Contractors explore opportunities with Hammond’s sister city in China
By Michell L. Quinn Post-Tribune correspondent January 13, 2013 9:32PM
Hammond businesses interested in partnering with citizens of Shahe, China via the EB5 program should contact Phil Taillon, Executive Director of Planning and Development, at 853-6508.
Updated: February 15, 2013 6:17AM
HAMMOND — Now that the city has a sister city in China, the administration would like to take that relationship to the next level via an available federal immigrant investor program.
A group of contractors known as the Hammond Contractors Group met with members of the Planning and Development Department on Friday afternoon at Lost Marsh Golf Course to hear about the delegation’s trip to Shahe as well as the business opportunities available. While there are always opportunities overseas, a different option for some might be to have Chinese investors invest money in business opportunities here via the EB5 program, a federal program approved by Congress in 1990.
The program, which President Barack Obama renewed for another three years, allows a foreign investor to put at least $1 million into either a new commercial enterprise, joint-venture, subsidiary or holding company that creates at least 10 full-time jobs, or to shore up a troubled business and preserve at least 10 full-time jobs, Hammond attorney Kevin Smith said. In return, the foreign investor — in this case, from Shahe — receives his or her green card.
The investment capital cannot be borrowed money, meaning he or she is personally liable for the investment, according the program’s rules. The investor also bears the cost of the application.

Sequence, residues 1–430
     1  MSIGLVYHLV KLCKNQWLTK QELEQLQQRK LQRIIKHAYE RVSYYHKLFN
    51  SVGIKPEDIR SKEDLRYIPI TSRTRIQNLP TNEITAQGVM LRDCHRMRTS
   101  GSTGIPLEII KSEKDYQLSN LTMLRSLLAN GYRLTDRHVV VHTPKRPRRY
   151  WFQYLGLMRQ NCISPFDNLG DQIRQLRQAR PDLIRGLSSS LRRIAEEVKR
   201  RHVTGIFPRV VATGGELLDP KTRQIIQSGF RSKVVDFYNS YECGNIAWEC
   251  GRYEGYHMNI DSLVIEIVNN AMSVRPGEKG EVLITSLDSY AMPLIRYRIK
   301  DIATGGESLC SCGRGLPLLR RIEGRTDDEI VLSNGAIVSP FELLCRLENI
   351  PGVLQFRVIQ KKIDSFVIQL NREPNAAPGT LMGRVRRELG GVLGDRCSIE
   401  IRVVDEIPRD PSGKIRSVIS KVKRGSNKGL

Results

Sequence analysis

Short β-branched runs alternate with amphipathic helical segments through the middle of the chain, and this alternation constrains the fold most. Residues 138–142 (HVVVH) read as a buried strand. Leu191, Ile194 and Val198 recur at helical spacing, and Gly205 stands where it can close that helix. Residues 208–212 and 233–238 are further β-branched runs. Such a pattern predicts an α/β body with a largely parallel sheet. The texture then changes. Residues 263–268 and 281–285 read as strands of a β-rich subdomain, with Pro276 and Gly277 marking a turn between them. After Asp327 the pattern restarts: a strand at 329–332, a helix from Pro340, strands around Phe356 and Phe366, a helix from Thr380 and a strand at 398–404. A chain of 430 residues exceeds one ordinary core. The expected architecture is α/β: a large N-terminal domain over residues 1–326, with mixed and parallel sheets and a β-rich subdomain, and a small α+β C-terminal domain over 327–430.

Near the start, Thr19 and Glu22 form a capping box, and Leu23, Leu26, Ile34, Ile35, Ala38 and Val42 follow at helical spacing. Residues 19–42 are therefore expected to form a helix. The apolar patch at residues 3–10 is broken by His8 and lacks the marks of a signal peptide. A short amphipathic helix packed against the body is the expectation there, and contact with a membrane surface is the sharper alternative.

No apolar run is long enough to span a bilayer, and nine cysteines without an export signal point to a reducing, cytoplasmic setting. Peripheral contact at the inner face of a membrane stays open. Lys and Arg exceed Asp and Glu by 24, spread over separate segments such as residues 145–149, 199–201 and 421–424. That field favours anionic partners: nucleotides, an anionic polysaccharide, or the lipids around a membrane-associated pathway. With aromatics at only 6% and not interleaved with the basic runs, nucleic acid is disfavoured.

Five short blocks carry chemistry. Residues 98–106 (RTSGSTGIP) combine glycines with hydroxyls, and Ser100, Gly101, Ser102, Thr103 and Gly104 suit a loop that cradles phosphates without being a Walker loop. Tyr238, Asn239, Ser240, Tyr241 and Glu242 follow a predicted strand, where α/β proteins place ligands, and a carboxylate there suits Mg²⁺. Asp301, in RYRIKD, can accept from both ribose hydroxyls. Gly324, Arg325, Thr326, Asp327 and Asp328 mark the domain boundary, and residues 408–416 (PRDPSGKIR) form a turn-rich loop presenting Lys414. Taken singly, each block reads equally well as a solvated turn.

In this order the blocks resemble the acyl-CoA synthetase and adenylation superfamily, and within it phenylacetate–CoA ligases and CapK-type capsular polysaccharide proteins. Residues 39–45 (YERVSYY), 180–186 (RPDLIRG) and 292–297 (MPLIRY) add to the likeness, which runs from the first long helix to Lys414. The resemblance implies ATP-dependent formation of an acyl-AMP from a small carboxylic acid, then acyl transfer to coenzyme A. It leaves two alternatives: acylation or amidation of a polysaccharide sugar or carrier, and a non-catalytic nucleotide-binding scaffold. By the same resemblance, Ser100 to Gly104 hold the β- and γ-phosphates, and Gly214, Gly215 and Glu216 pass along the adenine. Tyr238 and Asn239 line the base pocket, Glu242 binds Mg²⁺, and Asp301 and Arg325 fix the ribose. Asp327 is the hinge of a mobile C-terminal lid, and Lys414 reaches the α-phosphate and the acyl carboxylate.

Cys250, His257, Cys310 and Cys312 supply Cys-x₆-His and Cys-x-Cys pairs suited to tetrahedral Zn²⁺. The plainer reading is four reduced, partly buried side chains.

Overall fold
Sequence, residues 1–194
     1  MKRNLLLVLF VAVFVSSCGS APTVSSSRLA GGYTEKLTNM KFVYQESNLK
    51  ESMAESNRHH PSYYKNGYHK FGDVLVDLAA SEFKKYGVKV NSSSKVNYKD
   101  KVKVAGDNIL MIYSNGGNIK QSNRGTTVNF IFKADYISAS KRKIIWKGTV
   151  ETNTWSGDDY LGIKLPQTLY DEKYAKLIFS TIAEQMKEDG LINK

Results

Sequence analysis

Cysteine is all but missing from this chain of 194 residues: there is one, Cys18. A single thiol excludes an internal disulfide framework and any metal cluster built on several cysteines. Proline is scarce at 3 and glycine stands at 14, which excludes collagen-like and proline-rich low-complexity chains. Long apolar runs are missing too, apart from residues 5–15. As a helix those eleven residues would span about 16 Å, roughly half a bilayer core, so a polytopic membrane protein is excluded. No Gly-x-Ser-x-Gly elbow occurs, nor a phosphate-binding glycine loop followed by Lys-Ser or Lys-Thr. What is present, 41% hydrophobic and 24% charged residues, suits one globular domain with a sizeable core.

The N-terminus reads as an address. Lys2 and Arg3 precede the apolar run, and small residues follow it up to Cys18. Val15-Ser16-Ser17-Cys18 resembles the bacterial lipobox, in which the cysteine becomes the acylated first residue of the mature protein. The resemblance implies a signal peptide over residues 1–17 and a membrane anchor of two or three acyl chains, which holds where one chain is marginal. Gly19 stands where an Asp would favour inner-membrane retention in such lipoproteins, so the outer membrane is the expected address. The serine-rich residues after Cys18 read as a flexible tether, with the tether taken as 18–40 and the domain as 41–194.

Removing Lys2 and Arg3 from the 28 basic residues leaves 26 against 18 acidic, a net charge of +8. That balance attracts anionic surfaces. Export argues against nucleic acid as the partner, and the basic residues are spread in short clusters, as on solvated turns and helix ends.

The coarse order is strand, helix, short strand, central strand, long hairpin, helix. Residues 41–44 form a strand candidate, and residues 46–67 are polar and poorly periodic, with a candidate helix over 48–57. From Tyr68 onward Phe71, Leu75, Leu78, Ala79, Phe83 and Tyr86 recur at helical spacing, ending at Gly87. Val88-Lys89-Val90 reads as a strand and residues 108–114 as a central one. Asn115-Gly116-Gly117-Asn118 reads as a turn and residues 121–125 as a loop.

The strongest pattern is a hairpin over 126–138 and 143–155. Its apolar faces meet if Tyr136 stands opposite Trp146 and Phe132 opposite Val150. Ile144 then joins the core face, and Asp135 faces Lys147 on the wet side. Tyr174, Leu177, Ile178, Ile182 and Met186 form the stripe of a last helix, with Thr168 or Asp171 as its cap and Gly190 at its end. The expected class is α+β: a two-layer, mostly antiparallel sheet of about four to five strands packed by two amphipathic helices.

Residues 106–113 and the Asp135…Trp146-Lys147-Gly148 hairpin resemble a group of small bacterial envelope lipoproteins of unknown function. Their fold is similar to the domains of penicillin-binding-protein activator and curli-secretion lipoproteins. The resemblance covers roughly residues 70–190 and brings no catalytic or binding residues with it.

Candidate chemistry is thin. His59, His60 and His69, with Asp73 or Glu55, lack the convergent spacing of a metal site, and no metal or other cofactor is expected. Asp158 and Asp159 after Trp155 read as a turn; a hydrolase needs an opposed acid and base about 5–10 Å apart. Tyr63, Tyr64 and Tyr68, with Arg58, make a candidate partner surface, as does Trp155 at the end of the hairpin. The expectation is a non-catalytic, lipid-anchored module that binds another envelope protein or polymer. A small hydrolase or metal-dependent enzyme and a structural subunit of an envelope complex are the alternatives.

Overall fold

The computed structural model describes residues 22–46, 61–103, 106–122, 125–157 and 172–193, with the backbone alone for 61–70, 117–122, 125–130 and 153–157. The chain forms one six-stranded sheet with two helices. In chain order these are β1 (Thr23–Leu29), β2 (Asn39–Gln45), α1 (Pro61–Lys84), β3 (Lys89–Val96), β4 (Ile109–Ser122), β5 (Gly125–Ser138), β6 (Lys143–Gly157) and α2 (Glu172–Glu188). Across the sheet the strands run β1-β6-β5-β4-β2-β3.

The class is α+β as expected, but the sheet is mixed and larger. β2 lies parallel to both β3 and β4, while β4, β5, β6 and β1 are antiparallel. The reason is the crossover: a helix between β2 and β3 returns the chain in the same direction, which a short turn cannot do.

Haiwei Yuan, business liaison between Hammond and Shahe, explained to the group that for Chinese who have that kind of capital the program is a win-win.
“They always want to move to a different place,” Yuan said.
“They want a better environment with regard to pollution, they want to have more children (than the one allowed by its government) and they want access to better schools,” he said. “And since we don’t know the regulations and policies in the United States, we need a mentor.
“As long as there’s a booming industry, we want to move wealth.”
Since Chinese investors, as well as its government members, tend to base their business relationships on trust, having the sister-city relationship with Hammond goes a long way in laying the groundwork, said Planning and Development Executive Director Phil Taillon.
“The trust is there, so now, we take it to the next level,” he said.
Amex Nooter Business Development Manager Brian Harris asked if the opportunity was strictly limited to Hammond, to which Taillon said Mayor Tom McDermott would like to see anything out of any partnership have some sort of roots in the city. That said, Harris would be interested in a planned trip to Shahe to meet investors.
“It’s a little scary, but we have the city hooked in, so if one person gets hurt, the whole thing falls apart,” Harris said.